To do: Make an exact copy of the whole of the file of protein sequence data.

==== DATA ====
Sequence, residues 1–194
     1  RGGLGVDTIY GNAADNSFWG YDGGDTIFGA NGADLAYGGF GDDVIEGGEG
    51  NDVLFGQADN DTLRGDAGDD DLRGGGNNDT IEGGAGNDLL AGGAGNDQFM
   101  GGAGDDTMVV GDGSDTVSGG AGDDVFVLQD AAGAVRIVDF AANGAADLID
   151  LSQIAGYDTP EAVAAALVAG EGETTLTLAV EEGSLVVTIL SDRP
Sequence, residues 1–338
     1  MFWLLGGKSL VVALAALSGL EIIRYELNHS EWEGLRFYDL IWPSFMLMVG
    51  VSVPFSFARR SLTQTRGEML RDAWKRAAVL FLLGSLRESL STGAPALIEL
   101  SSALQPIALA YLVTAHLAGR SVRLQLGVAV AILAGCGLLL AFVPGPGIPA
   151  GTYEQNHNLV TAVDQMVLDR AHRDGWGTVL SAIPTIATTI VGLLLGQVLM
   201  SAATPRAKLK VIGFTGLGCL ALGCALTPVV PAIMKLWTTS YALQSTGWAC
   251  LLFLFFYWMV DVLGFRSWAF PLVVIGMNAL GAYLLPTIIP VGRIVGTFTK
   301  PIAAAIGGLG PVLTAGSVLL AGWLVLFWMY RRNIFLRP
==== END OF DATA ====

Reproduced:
Sequence, residues 1–194
     1  RGGLGVDTIY GNAADNSFWG YDGGDTIFGA NGADLAYGGF GDDVIEGGEG
    51  NDVLFGQADN DTLRGDAGDD DLRGGGNNDT IEGGAGNDLL AGGAGNDQFM
   101  GGAGDDTMVV GDGSDTVSGG AGDDVFVLQD AAGAVRIVDF AANGAADLID
   151  LSQIAGYDTP EAVAAALVAG EGETTLTLAV EEGSLVVTIL SDRP
Sequence, residues 1–338
     1  MFWLLGGKSL VVALAALSGL EIIRYELNHS EWEGLRFYDL IWPSFMLMVG
    51  VSVPFSFARR SLTQTRGEML RDAWKRAAVL FLLGSLRESL STGAPALIEL
   101  SSALQPIALA YLVTAHLAGR SVRLQLGVAV AILAGCGLLL AFVPGPGIPA
   151  GTYEQNHNLV TAVDQMVLDR AHRDGWGTVL SAIPTIATTI VGLLLGQVLM
   201  SAATPRAKLK VIGFTGLGCL ALGCALTPVV PAIMKLWTTS YALQSTGWAC
   251  LLFLFFYWMV DVLGFRSWAF PLVVIGMNAL GAYLLPTIIP VGRIVGTFTK
   301  PIAAAIGGLG PVLTAGSVLL AGWLVLFWMY RRNIFLRP